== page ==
One of the things I decided I had to do whilst in Chicago was to go on a food walking tour. You may recall I did two last year, one in Paris and one in New York. I like food tours for many reasons but the main one is that food tours generally show you places you might over look. They often go to big name places too, but it’s the quirky, off-the-beaten-track ones that are worth the tour. I also like food tours because they tend to be relaxed and friendly, and people on them are always interesting. (Yet another research project: who goes on food tours? Why? What’s included in the tour? How is the tour arranged? Etc etc etc).
This tour was run by Chicago Food Planet who run two other tours in the city. Our guide, Colleen, was enthusiastic and knowledgeable, and walked us around the neighbourhoods with local insight and energy. This is a classic sort of Chicago tour, it starts with deep pan pizza and ends with pierogies, taking in some fabulous and historical buildings (if you can call the original Playboy mansion historical) whilst talking about the history of Chicago (it seems everywhere you go in the city, someone will mention the fire…)
The tour started at Lou Manalti’s, home of deep pan pizza. Apparently the first deep pan pizza was made in Chicago in 1943 at Pizzeria Uno but the Malnati one is the best.
They use butter in their pizza dough which makes it crispy and rich. We ate their signature salad to start (romaine lettuce, tomatoes, olives, Gorgonzola with a sweet onion vinaigrette) followed by their Chicago Classic pizza with sausage. The pizza is layered with mozzarella at the base, then sausages, then tomatoes (chosen and canned in California), followed by Parmesan. It was spicy and sweet and filling. It’s a little bit like pie – much more than pizza as I know it but I’m easily converted. If I had to eat this forever, I’d be okay.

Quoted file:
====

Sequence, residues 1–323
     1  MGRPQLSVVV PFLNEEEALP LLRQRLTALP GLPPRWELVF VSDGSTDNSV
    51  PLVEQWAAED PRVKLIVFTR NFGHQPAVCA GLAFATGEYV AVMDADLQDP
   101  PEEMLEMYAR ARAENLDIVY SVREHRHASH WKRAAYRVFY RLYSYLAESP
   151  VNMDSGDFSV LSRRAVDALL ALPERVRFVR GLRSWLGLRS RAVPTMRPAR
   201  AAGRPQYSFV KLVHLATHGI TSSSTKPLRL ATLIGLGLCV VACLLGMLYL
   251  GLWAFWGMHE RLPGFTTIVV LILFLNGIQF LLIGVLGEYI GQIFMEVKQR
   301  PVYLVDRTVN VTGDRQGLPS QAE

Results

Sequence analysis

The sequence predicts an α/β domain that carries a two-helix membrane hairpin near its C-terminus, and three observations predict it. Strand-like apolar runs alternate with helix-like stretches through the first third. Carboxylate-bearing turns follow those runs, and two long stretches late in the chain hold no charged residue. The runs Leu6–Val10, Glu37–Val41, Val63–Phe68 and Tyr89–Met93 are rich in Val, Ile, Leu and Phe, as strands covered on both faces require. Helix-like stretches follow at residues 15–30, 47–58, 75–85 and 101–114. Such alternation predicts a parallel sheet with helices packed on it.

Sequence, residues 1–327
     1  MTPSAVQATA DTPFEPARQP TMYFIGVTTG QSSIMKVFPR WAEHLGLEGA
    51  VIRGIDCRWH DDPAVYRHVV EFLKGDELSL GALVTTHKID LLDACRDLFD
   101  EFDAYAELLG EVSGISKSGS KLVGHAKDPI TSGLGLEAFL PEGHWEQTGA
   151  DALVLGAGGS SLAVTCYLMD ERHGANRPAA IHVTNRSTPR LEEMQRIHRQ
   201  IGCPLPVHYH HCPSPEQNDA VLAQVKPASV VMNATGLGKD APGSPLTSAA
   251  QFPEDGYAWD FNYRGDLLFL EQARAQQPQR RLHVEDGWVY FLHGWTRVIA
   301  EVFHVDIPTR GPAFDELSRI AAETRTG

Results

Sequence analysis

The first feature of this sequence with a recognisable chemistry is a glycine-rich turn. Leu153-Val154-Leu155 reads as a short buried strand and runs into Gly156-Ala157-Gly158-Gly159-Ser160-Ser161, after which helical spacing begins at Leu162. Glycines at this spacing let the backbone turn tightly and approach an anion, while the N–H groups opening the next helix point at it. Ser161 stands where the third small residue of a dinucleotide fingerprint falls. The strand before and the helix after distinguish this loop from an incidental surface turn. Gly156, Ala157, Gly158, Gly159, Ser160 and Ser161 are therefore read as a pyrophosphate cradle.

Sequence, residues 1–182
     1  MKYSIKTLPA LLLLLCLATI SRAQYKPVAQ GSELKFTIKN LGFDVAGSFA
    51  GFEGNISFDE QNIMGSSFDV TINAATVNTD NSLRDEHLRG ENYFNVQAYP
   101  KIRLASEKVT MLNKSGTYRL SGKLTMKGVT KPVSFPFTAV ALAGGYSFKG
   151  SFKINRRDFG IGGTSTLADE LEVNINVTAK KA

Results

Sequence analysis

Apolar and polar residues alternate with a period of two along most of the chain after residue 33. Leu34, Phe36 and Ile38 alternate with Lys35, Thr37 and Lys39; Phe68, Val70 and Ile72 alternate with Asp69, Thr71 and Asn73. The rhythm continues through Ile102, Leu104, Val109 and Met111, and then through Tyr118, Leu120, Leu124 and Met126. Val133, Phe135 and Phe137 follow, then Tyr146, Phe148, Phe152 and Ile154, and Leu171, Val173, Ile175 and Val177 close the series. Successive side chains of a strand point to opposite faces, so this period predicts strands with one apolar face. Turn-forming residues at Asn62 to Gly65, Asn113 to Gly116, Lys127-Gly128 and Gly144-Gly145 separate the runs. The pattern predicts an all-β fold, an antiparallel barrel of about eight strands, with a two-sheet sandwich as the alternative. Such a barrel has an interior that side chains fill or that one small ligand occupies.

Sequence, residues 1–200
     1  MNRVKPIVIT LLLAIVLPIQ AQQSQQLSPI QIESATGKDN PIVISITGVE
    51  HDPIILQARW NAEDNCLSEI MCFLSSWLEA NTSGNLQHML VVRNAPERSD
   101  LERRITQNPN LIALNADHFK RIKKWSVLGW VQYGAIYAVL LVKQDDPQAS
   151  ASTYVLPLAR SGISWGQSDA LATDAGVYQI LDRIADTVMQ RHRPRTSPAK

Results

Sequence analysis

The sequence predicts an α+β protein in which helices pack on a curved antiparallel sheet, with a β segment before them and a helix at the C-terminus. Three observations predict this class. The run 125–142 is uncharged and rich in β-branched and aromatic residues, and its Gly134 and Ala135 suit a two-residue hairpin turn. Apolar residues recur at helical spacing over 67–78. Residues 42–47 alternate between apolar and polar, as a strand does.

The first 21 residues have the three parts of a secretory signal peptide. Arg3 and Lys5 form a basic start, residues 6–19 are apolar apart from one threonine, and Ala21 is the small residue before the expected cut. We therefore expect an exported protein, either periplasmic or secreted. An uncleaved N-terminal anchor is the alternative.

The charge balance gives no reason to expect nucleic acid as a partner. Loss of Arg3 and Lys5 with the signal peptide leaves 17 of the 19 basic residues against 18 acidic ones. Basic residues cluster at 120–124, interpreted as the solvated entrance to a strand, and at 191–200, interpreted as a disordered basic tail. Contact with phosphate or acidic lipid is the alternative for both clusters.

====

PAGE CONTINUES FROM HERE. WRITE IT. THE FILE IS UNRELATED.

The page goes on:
From pizza we moseyed over to Teagschwendner, a German tea company. We had the opportunity to smell a variety of their teas and then they made us the Cranberry and Mango one, iced. It was incredibly fragrant, floral with fruity notes. We learnt about caffeine content and how to brew iced tea. It turns out, I like my iced tea unsweetened. Who knew?
We then walked through Gold Coast, past the old Playboy mansion, and over to Old Town.
Old Town feels quite suburban, the buildings are lower and there are many people out and about, walking dogs, sitting at cafes, generally being. The whole place has a chilled out vibe. We stopped off first to sample sushi – a place that’s been around since 1967 and is still family run, Kamehachi. I sampled the spicy tuna delux maki, which was excellent. Then we crossed the street to The Fudge Pot and ate home-made butter toffee. If I could’ve I would have bought baskets of the stuff, but sadly, in the heat, it was destined to melt back into a pool of syrupy chocolate/toffee mess so I restrained myself. I had a number of samples whilst in the shop though.
Then we went a little back down the street to Old Town Oil, a place of true awesomeness. They stock a variety of olive oils and balsamics (from Modena), of varying flavour and age. We sampled a variety, but my favourite by far was the white peach balsamic and the California ‘mission’ olive oil, with a peppery finish. I had to go back later and buy bottles of both and I’ve been using the balsamic with all the peaches I’ve been baking lately. It’s just amazing.
We then went right next door to The Spice House, where we got to sample a variety of spices (not quite as strange as it sounds, I promise). The Spice House has clever names for their combinations, like Lakeshore Drive, Back of the Yards Garlic Pepper, and Hyde Park seasoning, often named after specific neighbourhoods.
I also really like their window display, with all it’s fresh herbs.
From there we walked to our final stop, via some classic Chicago houses (some I wouldn’t mind living in either).
Our last stop was Delightful Pastries where we ate pierogies filled with potato and cheese, followed by some macaroons. Delightful Pastries makes European baked goods to serve one of the largest Polish populations outside of Warsaw, so pierogies happen to be one of their specialities. They were warm, slightly oily, smooth and salty. I was instantly hooked.
The tour was a great way to spend three or so hours wandering the neighbourhoods of Chicago. Colleen was fun and informative, the places we visited were all family owned (and they all smelt amazing when we walked in), and most of all, it took me to a part of the city I might have overlooked on my short visit.